Crosslinkers b) are compounds having at least two polymerizable groups which can be free-radically interpolymerized into the polymer network. Useful crosslinkers b) include for example ethylene glycol dimethacrylate, diethylene glycol diacrylate, allyl methacrylate, trimethylolpropane triacrylate, triallylamine, tetraallyloxyethane as described in EP 530 438 A1, di- and triacrylates as described in EP 547 847 A1, EP 559 476 A1, EP 632 068 A1, WO 93/21237 A1, WO 2003/104299 A1, WO 2003/104300 A1, WO 2003/104301 A1 and DE 103 31 450 A1, mixed acrylates which, as well as acrylate groups, comprise further ethylenically unsaturated groups, as described in DE 103 31 456 A1 and DE 103 55 401 A1, or crosslinker mixtures as described for example in DE 195 43 368 A1, DE 196 46 484 A1, WO 90/15830 A1 and WO 2002/32962 A2.
Useful crosslinkers b) include in particular N,N'-methylenebisacrylamide and N,N'-methylenebismethacrylamide, esters of unsaturated mono- or polycarboxylic acids of polyols, such as diacrylate or triacrylate, for example butanediol diacrylate, butanediol dimethacrylate, ethylene glycol diacrylate, ethylene glycol dimethacrylate and also trimethylolpropane triacrylate and allyl compounds, such as allyl (meth)acrylate, triallyl cyanurate, diallyl maleate, polyallyl esters, tetraallyloxyethane, triallylamine, tetraallylethylenediamine, allyl esters of phosphoric acid and also vinylphosphonic acid derivatives as described for example in EP 343 427 A2. Useful crosslinkers b) further include pentaerythritol diallyl ether, pentaerythritol triallyl ether, pentaerythritol tetraallyl ether, polyethylene glycol diallyl ether, ethylene glycol diallyl ether, glycerol diallyl ether, glycerol triallyl ether, polyallyl ethers based on sorbitol, and also ethoxylated variants thereof. The process of the present invention may utilize di(meth)acrylates of polyethylene glycols, the polyethylene glycol used having a molecular weight between 300 and 1000.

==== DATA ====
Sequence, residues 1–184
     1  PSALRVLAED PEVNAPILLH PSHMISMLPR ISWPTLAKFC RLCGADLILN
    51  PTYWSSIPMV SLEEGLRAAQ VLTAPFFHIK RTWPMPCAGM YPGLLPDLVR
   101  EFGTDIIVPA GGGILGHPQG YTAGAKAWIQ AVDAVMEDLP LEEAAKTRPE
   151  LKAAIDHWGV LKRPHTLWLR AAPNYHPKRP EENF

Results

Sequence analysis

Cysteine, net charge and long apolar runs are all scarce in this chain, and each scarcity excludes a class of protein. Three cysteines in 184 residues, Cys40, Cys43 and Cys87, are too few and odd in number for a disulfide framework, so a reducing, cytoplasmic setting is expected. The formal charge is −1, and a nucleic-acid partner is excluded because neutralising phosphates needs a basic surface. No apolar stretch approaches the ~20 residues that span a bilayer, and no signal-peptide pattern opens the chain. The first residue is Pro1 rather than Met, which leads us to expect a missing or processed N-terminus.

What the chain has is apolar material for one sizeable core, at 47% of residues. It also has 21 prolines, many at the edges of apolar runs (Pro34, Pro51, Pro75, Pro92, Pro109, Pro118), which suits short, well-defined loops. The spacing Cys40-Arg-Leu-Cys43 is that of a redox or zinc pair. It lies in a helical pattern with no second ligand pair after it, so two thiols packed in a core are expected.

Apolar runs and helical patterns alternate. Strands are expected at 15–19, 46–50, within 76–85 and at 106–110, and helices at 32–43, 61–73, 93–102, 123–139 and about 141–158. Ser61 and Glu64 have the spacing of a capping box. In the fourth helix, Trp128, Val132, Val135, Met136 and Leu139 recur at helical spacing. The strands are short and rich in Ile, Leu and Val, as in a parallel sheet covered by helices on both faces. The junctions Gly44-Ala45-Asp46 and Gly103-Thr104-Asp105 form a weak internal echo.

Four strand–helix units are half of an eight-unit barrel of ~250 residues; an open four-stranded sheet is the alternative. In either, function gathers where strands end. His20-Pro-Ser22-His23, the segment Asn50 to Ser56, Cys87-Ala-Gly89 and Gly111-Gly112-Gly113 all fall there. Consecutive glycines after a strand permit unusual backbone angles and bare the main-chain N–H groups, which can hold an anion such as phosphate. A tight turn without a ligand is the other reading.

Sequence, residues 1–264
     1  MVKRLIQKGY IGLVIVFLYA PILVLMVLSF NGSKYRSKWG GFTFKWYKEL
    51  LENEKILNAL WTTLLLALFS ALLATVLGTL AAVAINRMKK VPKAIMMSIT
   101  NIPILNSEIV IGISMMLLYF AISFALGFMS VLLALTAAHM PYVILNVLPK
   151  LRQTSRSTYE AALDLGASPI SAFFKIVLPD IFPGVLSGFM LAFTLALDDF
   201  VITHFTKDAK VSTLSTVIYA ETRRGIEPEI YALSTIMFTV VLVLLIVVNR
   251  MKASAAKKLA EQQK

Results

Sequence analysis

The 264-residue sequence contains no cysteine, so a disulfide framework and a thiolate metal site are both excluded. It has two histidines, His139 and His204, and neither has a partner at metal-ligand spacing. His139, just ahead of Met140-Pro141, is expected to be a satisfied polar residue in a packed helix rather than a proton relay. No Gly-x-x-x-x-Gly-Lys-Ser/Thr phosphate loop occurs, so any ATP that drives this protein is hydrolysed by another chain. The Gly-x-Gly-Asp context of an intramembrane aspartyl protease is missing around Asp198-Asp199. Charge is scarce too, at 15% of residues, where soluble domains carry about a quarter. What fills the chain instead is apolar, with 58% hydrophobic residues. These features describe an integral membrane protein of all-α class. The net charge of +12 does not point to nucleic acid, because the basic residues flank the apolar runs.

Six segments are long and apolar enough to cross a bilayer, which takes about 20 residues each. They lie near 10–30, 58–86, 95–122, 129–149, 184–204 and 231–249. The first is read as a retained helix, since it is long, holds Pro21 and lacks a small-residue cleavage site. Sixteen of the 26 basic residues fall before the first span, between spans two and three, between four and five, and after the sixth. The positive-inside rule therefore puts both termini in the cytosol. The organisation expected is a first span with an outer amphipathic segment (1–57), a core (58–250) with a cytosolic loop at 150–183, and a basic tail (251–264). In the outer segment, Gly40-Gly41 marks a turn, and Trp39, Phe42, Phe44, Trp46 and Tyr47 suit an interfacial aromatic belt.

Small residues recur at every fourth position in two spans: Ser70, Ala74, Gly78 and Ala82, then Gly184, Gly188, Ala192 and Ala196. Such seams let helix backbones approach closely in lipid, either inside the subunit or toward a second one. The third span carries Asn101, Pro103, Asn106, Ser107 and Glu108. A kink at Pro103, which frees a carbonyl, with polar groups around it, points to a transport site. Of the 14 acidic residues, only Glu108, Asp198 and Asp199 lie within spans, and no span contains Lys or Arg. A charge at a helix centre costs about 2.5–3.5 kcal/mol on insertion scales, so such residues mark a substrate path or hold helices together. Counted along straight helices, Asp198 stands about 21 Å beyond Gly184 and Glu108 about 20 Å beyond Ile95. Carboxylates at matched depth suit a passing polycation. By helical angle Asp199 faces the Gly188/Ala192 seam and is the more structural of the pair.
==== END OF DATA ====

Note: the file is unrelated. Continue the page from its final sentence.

However, particularly advantageous crosslinkers b) are di- and triacrylates of 3- to 20-tuply ethoxylated glycerol, of 3- to 20-tuply ethoxylated trimethylolpropane, of 3- to 20-tuply ethoxylated trimethylolethane, especially di- and triacrylates of 2- to 6-tuply ethoxylated glycerol or of 2- to 6-tuply ethoxylated trimethylolpropane, of 3-tuply propoxylated glycerol, of 3-tuply propoxylated trimethylolpropane, and also of 3-tuply mixedly ethoxylated or propoxylated glycerol, of 3-tuply mixedly ethoxylated or propoxylated trimethylolpropane, of 15-tuply ethoxylated glycerol, of 15-tuply ethoxylated trimethylolpropane, of at least 40-tuply ethoxylated glycerol, of at least 40-tuply ethoxylated trimethylolethane and also of at least 40-tuply ethoxylated trimethylolpropane.
Very particularly preferred for use as crosslinkers b) are diacrylated, dimethacrylated, triacrylated or trimethacrylated multiply ethoxylated and/or propoxylated glycerols as described for example in WO 20031104301 A1. Di- and/or triacrylates of 3- to 10-tuply ethoxylated glycerol are particularly advantageous. Very particular preference is given to di- or triacrylates of 1- to 5-tuply ethoxylated and/or propoxylated glycerol. The triacrylates of 3- to 5-tuply ethoxylated and/or propoxylated glycerol are most preferred.